UNITED STATES DISTRICT COURT EASTERN DISTRICT OF NEW YORK
June 20, 1952
The opinion of the court was delivered by: GALSTON
This criminal action is based on an information, filed February 16, 1951, which reads as follows:
'That on or about the 26th day of July, 1948, in the vicinity of Steinway Creek, which outlets into the tidal waters of the East River, within the Eastern District of New York, and within the jurisdiction of this Court, the defendant, Michael N. Cavalliotis, did unlawfully permit and cause to be sunk the trawler Gloucester on the south side of said Steinway Creek at 38th Street near 18th Avenue, Astoria, in such a manner as to obstruct and impede navigation in the harbor of New York and its adjacent tributary waters, and failed to commence the immediate removal of same and prosecute such removal diligently, in violation of Title 33, United States Code, Section 409 and 411.'
By stipulation, the parties agreed to a trial by the court without a jury.
The defendant is the owner of the trawler Gloucester, which is tied up near the offshore end of the mooring rack of the Tri-Boro Ship Yard, Inc., in Steinway Creek. Steinway Creek empties into the East River. On the opposite side of the creek is the dock of the Consolidated Edison Company in Long Island City. The Gloucester is approximately 167 feet long by 22 feet wide, with a draft of 8 feet. It is steam propelled and has a wood hull.
The vessel was towed to its present mooring from Baltimore, Maryland. Due to faulty mooring the hull sprang a leak, causing the stern to sink, and it is resting in the mud alongside the mooring rack. The forward portion and bow, as well as the smoke stack, is visible above the tidal waters of the creek. The vessel is fastened to the rack by three 3-inch lines forward and three 3/4 -inch cables amidship. It is not marked by any bouy, beacon or other lights.
The width of Steinway Creek between the rack at which The Gloucester is tied up and the dock of the Consolidated Edison Company opposite, is from 250 feet to 270 feet. The end of the rack extends about 50 feet beyond the sunken stern of the vessel, according to Government witnesses, but defendant testified that the rack extends about 100 feet beyond the vessel.
Section 409 of Title 33, U.S.C.A., states:
'It shall no be lawful to tie up or anchor vessels or other craft to navigable channels in such a manner as to prevent or obstruct the passage of other vessels or craft; or to voluntarily or carelessly sink, or permit or cause to be sunk, vessels or other craft in navigable channels; * * *. And whenever a vessel, raft, or a navigable channel, accidently or otherwise, it shall be the duty of the owner of such sunken craft to immediately mark it with a buoy or beacon during the day and a lighted lantern at night, and to maintain such marks until the sunken craft is removed or abandoned, and the neglect or failure of the said owner so to do shall be unlawful; and it shall be the duty of the owner of such sunken craft to commence the immediate removal of the same, * * * and failure to do so shall be considered as an abandonment of such craft, and subject the same to removal by the United States as hereinafter provided for.'
Section 411 of Title 33, U.S.C.A., sets forth the penalty for obstruction of navigable waters.
Section 409 is concerned with 'navigable channels'. The generally accepted definition of navigability, approved in recent decision of the Supreme Court, see United States v. Appalachian Electric Power Co., 311 U.S. 377, 406, 61 S. Ct. 291, 298, 85 L. Ed. 243, is that given in The Daniel Ball, 10 Wall. 557, 563, 19 L. Ed. 999, as follows:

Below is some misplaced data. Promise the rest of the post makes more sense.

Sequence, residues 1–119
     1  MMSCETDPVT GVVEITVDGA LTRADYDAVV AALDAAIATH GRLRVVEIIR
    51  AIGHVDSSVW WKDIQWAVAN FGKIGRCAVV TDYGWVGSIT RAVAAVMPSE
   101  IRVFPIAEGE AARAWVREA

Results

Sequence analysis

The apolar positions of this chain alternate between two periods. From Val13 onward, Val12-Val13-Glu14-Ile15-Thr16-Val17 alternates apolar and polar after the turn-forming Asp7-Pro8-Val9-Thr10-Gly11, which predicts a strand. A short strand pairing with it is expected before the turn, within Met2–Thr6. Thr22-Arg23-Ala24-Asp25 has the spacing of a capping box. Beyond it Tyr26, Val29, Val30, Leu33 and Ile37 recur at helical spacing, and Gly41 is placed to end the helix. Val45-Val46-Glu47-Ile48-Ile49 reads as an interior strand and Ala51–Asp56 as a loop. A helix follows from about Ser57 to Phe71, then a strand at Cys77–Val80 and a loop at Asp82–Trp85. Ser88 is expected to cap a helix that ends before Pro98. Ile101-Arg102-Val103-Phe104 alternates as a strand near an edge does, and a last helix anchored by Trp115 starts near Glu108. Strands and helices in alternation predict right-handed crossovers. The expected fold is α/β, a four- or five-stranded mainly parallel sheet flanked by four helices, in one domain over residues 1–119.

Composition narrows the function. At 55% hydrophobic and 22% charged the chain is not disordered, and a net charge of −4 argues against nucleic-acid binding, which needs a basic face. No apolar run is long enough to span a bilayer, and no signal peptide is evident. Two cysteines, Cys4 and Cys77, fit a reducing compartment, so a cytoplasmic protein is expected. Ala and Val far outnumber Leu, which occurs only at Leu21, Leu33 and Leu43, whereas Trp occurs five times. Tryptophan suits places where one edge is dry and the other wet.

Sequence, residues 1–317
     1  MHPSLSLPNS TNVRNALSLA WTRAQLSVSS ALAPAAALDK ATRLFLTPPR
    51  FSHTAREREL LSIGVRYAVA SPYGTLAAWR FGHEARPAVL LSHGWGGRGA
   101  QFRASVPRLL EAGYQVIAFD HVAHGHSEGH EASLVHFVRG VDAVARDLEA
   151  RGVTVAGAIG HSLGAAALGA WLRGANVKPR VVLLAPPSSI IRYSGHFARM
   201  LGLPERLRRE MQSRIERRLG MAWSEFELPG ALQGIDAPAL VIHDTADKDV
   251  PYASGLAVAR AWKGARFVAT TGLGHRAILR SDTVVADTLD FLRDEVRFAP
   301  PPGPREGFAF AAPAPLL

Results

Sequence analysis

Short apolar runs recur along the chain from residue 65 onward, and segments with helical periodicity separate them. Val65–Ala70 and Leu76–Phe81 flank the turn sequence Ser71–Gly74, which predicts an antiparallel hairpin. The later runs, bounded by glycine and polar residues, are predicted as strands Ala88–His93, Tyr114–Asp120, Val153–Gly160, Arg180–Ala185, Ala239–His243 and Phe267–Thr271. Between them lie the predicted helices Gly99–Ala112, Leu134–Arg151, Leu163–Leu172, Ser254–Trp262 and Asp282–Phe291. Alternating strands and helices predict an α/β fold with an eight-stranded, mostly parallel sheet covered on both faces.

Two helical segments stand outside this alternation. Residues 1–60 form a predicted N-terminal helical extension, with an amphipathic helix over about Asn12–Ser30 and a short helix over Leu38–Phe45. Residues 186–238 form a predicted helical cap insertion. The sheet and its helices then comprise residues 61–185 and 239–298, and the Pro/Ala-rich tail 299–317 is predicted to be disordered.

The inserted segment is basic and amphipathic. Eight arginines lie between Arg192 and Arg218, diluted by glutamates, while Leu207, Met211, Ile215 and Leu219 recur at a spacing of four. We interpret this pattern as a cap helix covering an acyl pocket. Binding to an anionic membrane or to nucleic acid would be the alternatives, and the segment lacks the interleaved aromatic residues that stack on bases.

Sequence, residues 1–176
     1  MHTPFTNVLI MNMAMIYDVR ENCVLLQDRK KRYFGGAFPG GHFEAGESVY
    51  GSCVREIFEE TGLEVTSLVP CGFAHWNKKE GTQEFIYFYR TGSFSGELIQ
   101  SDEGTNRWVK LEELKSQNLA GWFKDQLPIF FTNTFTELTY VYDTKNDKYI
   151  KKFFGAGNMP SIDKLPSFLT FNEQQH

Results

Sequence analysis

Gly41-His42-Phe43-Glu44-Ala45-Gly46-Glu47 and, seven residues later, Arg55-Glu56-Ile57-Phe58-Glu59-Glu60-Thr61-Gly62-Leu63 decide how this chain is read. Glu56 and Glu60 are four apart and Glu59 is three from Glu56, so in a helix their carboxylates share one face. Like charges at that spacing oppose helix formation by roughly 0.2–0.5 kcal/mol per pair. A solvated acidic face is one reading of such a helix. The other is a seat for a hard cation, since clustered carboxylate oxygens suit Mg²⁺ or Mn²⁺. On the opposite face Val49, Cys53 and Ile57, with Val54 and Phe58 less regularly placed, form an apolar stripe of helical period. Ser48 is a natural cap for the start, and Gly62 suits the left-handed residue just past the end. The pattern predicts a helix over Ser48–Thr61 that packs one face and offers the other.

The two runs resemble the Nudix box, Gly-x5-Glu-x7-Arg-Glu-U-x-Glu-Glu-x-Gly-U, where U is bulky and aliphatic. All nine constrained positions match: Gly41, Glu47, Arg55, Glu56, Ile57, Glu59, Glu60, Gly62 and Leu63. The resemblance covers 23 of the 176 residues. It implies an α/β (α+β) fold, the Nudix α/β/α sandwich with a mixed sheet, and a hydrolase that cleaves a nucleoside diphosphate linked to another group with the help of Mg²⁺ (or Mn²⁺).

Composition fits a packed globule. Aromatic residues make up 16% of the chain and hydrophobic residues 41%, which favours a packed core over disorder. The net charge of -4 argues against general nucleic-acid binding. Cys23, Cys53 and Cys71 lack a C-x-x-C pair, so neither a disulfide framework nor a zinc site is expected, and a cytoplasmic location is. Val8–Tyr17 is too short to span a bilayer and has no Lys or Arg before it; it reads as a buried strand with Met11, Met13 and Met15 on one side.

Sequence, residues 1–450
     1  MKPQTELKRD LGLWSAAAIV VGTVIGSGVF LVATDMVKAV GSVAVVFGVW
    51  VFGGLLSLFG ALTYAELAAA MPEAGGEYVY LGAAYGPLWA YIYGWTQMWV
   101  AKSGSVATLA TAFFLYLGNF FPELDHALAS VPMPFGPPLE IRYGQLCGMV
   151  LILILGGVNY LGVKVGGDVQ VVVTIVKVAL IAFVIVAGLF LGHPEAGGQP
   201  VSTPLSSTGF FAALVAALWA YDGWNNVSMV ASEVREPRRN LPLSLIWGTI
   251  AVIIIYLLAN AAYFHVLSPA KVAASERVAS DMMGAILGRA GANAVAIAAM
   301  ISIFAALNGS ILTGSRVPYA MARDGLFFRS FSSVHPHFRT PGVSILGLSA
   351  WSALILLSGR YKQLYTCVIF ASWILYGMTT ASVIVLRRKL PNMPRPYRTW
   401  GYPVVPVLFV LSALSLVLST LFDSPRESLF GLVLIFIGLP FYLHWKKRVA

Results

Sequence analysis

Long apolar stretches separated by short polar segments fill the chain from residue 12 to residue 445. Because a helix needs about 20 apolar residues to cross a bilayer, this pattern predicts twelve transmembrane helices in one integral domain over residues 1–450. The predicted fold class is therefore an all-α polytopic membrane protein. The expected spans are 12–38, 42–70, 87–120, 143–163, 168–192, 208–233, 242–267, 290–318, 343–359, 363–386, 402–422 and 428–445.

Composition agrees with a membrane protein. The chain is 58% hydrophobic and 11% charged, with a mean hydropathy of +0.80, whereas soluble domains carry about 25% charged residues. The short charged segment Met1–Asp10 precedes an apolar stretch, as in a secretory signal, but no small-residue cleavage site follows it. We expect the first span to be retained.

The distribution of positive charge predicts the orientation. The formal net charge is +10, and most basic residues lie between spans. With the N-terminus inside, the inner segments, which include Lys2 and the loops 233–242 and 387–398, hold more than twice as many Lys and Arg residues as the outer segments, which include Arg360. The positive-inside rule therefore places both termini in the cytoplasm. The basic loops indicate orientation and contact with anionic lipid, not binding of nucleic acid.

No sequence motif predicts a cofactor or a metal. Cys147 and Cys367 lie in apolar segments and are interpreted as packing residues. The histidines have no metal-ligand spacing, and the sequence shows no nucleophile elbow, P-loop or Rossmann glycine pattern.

'Those rivers must be regarded as public navigable rivers in law which are navigable in fact. And they are navigable in fact when they are used, or are susceptible of being used, in their ordinary condition, as highways for commerce, over which trade and travel are or may be conducted in the customary modes of trade and travel on water. And they constitute navigable waters of the United States within the meaning of the acts of Congress, * * * when they form in their ordinary condition by themselves, or by uniting with other waters, a continued highway over which commerce is or may be carried on with other States or foreign countries in the customary modes in which such commerce is conducted by waters."
The judicial standards to be applied in determining whether a particular waterway is navigable within the meaning of the statute, 'involve questions of law inseparable from the particular facts to which they are applied'. United States v. Appalachian Electric Power Co., supra, 311 U.S. at page 404, 61 S. Ct. 291, 85 L. Ed. 243. In the case at bar, the only evidence of any navigable use in fact of Steinway Creek is testimony that coal colliers delivered coal to the Consolidated Edison Company dock. It was testified that these colliers draw from 27 feet to 29 feet of water. Exhibit 3, a map of the United States Coast & Geodetic Survey, published in July 1947 (with lights, beacons, buoys and dangers corrected for information received to November 26, 1951) indicates that on the side where the Consolidated Edison Company dock is Steinway Creed is from 29 feet to 31 feet deep at the mean low water. This part of Steinway Creek, which is the deep channel, is indicated on Exhibit 3 in white shading. Exhibit 3 shows the depth on the opposite side of Steinway Creek where The Gloucester is tied up as 7 feet at mean low water. This part of the channel, varying in depth from 11 feet at the mouth of the Creek to a high of 12 feet and a low of 3 feet, is in blue shading on Exhibit 3.